Racial Disparities in Maternal Morbidity Persist | Nutrition Fit



An analysis of data from the U.S. military suggests that the maternal morbidity disparities between Black and White women cannot be attributed solely to differences in access to care and socioeconomics.

Even in the U.S. military health care system, where all service members have universal access to the same facilities and providers, researchers found substantial racial disparities in cesarean deliveries, maternal ICU admission, and overall severe maternal morbidity and mortality between Black patients and White patients, according to findings from a new study presented Jan. 28, 2021, at a meeting sponsored by the Society for Maternal-Fetal Medicine.

“This was surprising given some of the driving theories behind maternal race disparities encountered in this country, such as access to care and socioeconomic status, are controlled for in this health care system,” Capt. Jameaka Hamilton, MD, who presented the research, said in an interview. “Our findings indicate that there are likely additional factors at play which impact the obstetrical outcomes of women based upon their race, including systems-based barriers to accessing the military health care system which contribute to health care disparities, or in systemic or implicit biases which occur within our health care delivery.”

Plenty of recent research has documented the rise in maternal morbidity and mortality in the United States and the considerable racial disparities within those statistics. Black women are twice as likely to suffer morbidity and three to four times more likely to die in childbirth, compared with White women, Hamilton, an ob.gyn. from the San Antonio Uniformed Services Health Education Consortium at Ft. Sam Houston in San Antonio, Texas, reminded attendees. So far, much of this disparity has been attributed to social determinants of health.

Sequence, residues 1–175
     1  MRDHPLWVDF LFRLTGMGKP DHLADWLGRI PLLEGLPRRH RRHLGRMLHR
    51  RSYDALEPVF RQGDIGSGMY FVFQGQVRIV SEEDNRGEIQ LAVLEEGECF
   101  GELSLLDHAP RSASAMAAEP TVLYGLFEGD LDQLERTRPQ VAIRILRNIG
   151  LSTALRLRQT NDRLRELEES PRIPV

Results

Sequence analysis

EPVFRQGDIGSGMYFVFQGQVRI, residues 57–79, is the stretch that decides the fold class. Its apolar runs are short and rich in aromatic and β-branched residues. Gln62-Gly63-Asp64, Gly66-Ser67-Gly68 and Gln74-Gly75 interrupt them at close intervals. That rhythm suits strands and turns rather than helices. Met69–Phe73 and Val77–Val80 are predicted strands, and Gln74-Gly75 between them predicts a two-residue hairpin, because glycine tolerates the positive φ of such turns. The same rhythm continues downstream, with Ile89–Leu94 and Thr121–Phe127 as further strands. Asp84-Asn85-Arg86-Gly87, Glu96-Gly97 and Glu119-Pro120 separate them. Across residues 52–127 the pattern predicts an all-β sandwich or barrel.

Military retirees, active-duty personnel, and dependents, however, have equal access to federal health insurance and care at military health care facilities, or at covered civilian facilities where needed. Hence the researchers’ hypothesis that the military medical system would not show the same disparities by race that are seen in civilian populations.

The researchers analyzed maternal morbidity data from the Neonatal Perinatal Information Center from April 2018 to March 2019. The retrospective study included data from 13 military treatment facilities that had more than 1,000 deliveries per year. In addition to statistics on cesarean delivery and adult ICU admission, the researchers compared numbers on overall severe maternal morbidity based on the indicators defined by the Centers for Disease Control and Prevention.

The 15,305 deliveries included 23% Black patients and 77% White patients from the Air Force, Army, and Navy branches.

The cesarean delivery rate ranged from 19.4% to 35.5%. ICU admissions totaled 38 women, 190 women had postpartum hemorrhage, and 282 women experienced severe maternal morbidity. All three measures revealed racial disparities: